I wrote this poem after listening to a recent interview on MSNBC Morning Joe with two veterans, about their reactions to the recent pull-out from Afghanistan, completed on August 31, 2021. One veteran was the head of Team Rubicon and the other was teaching a class on 9/11 to college students.
Some of the comments of the two veterans of the Afghan and Iraqi wars, are paraphrased in this poem.
- Young adults in this country need to be taught about Nine-Eleven. September 11, 2001, was when terrorists hit the World Trade Center buildings, in New York City, causing both towers to collapse. They also hit the Pentagon in Washington DC, and tried to hit the U.S. Capitol Building in Washington DC, all three attacks more or less simultaneous, with planes as weapons. Young people need to be taught the importance of Nine-Eleven and what actually happened, because, unlike many of their elders, they have no memory of the event.
- As veterans, they are still processing, and trying to figure out how to think about the pull-out. They are certainly not the only ones in this country with feelings of ambivalence.
- The pullout hits military veterans differently, than it does civilians. That it hits them in a visceral way. Many of them have known or in some way been aided by Afghans who very well may not make it out. Also, many years of their lives have been devoted to this endeavor, and their identities are wrapped up in it. Any indication that they have wasted their time is a heavy blow.
- America does not deserve its military, “so loyal, so good, so brave.” Blood, sweat and tears have protected this country (the US) during the past twenty years and well beyond, but many veterans feel unseen and unrecognized despite their valiant effort.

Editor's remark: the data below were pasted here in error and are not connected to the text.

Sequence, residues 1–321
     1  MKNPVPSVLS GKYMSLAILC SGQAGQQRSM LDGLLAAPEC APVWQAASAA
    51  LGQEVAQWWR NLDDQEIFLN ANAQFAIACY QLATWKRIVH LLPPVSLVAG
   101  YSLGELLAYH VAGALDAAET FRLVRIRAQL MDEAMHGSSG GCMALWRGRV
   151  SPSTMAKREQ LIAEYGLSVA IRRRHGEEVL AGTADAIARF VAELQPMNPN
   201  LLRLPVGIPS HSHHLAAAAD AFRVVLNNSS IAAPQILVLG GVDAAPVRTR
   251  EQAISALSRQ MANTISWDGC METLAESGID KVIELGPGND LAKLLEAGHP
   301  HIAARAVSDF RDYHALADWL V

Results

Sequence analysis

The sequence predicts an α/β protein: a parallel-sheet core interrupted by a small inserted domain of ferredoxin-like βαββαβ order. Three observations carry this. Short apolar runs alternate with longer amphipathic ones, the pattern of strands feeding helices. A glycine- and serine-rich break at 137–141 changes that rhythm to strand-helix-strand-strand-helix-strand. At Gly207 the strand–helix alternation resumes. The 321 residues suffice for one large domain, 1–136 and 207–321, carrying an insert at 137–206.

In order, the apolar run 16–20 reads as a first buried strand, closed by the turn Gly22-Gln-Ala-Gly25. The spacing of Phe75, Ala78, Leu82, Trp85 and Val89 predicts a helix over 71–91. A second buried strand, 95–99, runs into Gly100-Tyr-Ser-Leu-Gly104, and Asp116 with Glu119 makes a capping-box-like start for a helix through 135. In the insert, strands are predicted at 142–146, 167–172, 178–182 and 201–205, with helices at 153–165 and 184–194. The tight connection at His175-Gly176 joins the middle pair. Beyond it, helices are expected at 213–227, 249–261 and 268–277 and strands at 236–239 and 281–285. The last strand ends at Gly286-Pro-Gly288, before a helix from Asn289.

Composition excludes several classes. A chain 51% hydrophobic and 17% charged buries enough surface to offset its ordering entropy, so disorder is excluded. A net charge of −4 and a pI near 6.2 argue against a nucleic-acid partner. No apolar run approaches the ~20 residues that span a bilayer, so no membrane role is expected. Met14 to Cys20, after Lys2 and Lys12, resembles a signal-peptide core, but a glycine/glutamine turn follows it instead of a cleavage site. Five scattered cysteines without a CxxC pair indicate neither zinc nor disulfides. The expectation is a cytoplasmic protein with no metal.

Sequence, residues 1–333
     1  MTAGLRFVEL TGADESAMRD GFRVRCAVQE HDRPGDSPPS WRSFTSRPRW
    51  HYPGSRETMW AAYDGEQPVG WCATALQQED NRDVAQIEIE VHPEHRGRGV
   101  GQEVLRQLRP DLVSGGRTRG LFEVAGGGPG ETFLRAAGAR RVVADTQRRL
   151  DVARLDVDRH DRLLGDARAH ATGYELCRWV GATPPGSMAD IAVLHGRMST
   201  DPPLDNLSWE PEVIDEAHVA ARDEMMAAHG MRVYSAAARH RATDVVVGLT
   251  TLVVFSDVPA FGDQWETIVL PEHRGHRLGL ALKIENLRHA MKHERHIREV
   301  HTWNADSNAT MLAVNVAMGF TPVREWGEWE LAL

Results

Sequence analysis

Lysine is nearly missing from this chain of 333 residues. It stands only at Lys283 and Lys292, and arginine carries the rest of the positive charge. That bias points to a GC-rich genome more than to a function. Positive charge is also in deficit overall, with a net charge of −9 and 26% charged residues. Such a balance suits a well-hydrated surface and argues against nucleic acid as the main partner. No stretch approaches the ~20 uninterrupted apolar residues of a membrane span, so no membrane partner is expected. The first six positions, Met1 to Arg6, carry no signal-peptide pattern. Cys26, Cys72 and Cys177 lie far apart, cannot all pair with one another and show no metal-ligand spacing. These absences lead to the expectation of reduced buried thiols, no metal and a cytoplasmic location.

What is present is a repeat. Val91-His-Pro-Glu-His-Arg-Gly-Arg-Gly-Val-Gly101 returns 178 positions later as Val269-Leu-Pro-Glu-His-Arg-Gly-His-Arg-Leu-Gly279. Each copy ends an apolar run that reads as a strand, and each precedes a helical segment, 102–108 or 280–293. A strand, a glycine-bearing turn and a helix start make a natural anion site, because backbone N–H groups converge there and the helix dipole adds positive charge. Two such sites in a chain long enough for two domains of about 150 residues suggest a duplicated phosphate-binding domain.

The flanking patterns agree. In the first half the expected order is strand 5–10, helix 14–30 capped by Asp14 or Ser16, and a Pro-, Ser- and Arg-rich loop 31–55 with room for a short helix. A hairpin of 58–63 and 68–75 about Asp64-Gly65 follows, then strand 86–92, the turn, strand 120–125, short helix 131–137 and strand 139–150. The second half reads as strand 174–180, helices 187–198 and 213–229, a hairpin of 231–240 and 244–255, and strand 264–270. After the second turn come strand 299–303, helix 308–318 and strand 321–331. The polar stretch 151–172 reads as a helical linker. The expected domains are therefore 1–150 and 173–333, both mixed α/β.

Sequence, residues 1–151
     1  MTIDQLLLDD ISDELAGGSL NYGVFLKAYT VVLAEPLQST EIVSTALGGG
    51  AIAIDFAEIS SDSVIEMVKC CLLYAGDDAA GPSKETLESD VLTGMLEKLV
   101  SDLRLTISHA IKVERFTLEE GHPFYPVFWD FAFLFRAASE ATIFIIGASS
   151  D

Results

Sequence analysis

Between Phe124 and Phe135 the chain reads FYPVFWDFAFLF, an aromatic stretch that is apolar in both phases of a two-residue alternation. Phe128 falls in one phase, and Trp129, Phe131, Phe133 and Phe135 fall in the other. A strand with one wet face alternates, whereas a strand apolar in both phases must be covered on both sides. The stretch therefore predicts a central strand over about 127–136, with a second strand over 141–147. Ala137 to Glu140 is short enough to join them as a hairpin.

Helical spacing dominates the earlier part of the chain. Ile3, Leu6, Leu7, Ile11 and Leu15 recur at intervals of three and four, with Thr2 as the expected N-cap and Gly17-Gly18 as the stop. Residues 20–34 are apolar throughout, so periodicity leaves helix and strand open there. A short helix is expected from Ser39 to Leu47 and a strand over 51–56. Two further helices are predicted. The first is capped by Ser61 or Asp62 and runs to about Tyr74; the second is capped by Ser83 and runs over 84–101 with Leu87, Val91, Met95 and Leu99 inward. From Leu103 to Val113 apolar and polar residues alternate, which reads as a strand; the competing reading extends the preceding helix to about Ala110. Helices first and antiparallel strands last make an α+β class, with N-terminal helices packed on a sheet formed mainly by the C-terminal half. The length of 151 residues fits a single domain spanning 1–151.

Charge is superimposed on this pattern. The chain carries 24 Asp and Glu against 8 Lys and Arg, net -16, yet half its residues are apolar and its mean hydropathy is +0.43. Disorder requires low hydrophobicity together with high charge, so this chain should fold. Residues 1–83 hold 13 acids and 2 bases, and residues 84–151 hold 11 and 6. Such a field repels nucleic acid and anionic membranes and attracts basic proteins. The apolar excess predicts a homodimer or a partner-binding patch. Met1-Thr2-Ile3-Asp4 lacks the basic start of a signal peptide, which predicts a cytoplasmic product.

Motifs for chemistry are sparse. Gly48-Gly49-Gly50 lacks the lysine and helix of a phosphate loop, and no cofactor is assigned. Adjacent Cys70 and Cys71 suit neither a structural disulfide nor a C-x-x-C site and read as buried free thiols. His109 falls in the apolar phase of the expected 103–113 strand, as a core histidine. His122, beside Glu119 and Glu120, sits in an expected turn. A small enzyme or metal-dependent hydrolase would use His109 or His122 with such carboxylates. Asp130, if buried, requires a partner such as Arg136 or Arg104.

I guess this poem is my own attempt to process the event. I am not a veteran, nor do I have any veterans of this war in my immediate family. This was another point of the discussion, that the Afghan war was fought by people many of us never met. But for me, the idea of the Taliban or any iteration of that group taking over again, sends shivers through my spine. I worry for the Afghan women. All I can think is, what is First Lady Laura Bush thinking now? For I remember her plea in the early 2000’s, to save those oppressed women from their terrible fate.
But I do not know, how the pullout could have been done better. Or whether it would have been better, had we stayed. Only time will tell.
Thanks for coming by to read.
Nine babies born, aboard a plane,
Chock-full of refugees.
Americans and Afghans.
Full-length burqas. Barren knees.
For twenty years, the babies born
Have known no Nine-Eleven.
It’s over. So they must be taught
Those martyrs’ stab at Heaven.
And here, at home, nigh on two weeks,
It’s been a veteran’s Hell.
The promises they must have made
Have all gone down the well.
What was it for? What good was done?
Such noble sacrifice…
While we at cozy TV’s sat,
The Gold Stars paid the price.
Now, thirteen more–and countless Afghans–
Fertilize the chaos.
A bombing taunts our weak retreat,
With tail between our legs.
While veterans are “processing,”
Our leaders misbehave,
And run to shelter cul-de-sacs,
As turbaned heads invade.
Here’s your reward, Afghanistan,
For planning Nine-Eleven:
A martyrdom, for all your dead,
And virgins, ninety-seven.
Our land no longer gives a hoot.
Take back your dust and caves.
We don’t deserve returning boots:
Copyright 2021 Andrea LeDew
For a poem about the Vietnam War and its aftermath, read Air Mail 1977.
For an essay cataloging my loose impressions of war and terror, read Playing in a Minefield.